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Stem cells to slow ALS?

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Wednesday, January 18th, 2012

The muscle wasting caused by Lou Gehrig’s disease – amyotrophic lateral sclerosis (ALS) – is quick and fatal, with many not surviving five years after diagnosis. Internal organs eventually shut down, leading to respiratory failure. But promising stem cell research from laboratories at Tel Aviv University<> is the basis of a new drug that could stop the wasting process and improve survival odds.

It’s not a long shot but a treatment based on 10 years of research with a new “orphan drug” status allocated by the US Food and Drug Administration. Clinical trials<> are now underway in Jerusalem’s Hadassah University Medical Center<> under the supervision of Prof. Dimitrios Karussis<>, a renowned stem-cell transplant expert and head of Hadassah’s Multiple Sclerosis Center<>. Early clinical evidence being collected by Israeli company BrainStorm Cell Therapeutics<>, which owns the license to commercialize the research if it succeeds, suggests that the specially modified stem cells – a treatment called NurOwn – can help slow the progression of the disease.

According to the American ALS Association, about 5,600 people in the United States are diagnosed with ALS each year and as many as 30,000 Americans may have the disease at any given time. The only drug on the market as of 2011 is Riluzole, improving survival by only a few months. It cannot reverse neuron damage and it causes liver damage in about 10 percent of people taking the drug.

Targeting motor disorders

More effective solutions are needed. But with little known about the cause of ALS and how it develops in the body, new treatments have been hard to come by.

BrainStorm, a Petah Tikva company originally founded to commercialize a drug for Parkinson’s, has developed a methodology useful for a number of motor-brain related disorders, using adult stem cells from a person’s own body to treat dysfunction. This niche area presents greater possibilities for success in the short term. Earning “orphan drug” status – for formulations that address diseases for which there are no solid treatments – also accelerates the process through regulatory hurdles. BrainStorm is currently testing NurOwn, an injectable active compound, on 24 patients in Jerusalem. Half have just been diagnosed with ALS, and the other half are in a later stage of the disease.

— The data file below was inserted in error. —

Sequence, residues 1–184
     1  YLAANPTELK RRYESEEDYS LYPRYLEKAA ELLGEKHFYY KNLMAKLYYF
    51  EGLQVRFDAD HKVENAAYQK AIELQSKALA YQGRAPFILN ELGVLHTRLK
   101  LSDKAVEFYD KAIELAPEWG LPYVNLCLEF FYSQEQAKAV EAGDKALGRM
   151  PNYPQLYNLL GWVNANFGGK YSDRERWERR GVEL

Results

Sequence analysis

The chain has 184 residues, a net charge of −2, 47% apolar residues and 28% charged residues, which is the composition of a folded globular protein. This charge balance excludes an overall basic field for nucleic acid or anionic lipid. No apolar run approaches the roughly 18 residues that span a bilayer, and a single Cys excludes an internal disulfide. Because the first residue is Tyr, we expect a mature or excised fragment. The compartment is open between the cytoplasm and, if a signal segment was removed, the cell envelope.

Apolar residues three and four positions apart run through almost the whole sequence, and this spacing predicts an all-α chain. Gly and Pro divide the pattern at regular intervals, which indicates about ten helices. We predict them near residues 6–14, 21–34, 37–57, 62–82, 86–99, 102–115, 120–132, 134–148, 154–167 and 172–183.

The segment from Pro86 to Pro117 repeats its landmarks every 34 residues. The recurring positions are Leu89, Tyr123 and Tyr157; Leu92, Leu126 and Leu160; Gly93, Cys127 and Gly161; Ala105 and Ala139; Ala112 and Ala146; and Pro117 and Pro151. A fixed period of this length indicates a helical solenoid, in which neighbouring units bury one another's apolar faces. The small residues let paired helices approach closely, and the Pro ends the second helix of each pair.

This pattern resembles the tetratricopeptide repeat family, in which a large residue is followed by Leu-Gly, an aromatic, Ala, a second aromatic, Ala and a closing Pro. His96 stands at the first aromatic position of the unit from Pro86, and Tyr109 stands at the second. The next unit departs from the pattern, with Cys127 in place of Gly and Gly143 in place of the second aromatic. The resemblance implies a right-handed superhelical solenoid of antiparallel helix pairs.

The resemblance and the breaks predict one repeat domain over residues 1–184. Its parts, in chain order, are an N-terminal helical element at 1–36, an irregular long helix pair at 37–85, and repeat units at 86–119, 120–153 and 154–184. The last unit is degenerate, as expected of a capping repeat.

Those willing to travel to Israel and commit to at least nine months, if they meet eligibility requirements, will have the opportunity to be part of this clinical study, says BrainStorm’s acting CEO Adrian Harel. As is the case with all clinical trials, a third party is managing the applicants.

Advantages of adult stem cells

Unlike embryonic stem cell therapies, NurOwn’s use of a patient’s own stem cells comes with “no issue of rejection or danger of evolving into cancer,” Harel says. Developed in the labs of Professors Daniel Offen and Eldad Melamed of Tel Aviv University’s Sackler Faculty of Medicine and Felsenstein Medical Research Center, NurOwn helps the body produce neuroprotectors, proteins that protect the brain against neurodegenerative disorders and will hopefully slow the progression of ALS. Research supporting this revolutionary advance was published by the professors two years ago in the Journal of Stem Cells<>. Developed over a period of 10 years, the drug could be available in as little as three years if the clinical trials prove successful.

After testing in a mouse model, “we were able to show that the bone marrow-derived stem cells prevent degeneration in the brain following injection of selective neurotoxins,” says Offen. “Researchers also demonstrated that transplantation of these cells increased the survival rate in the mouse model of ALS and significantly delayed the progress of motor dysfunction.”

After the Jerusalem clinical trials are complete and safety and efficacy evaluated, BrainStorm plans to run trials at Massachusetts General Hospital in collaboration with the Medical School of the University of Massachusetts.

NurOwn may also hold promise for treating both Parkinson’s and Huntington’s diseases, Harel says. Typical treatments today only address the symptoms, not the underlying cause.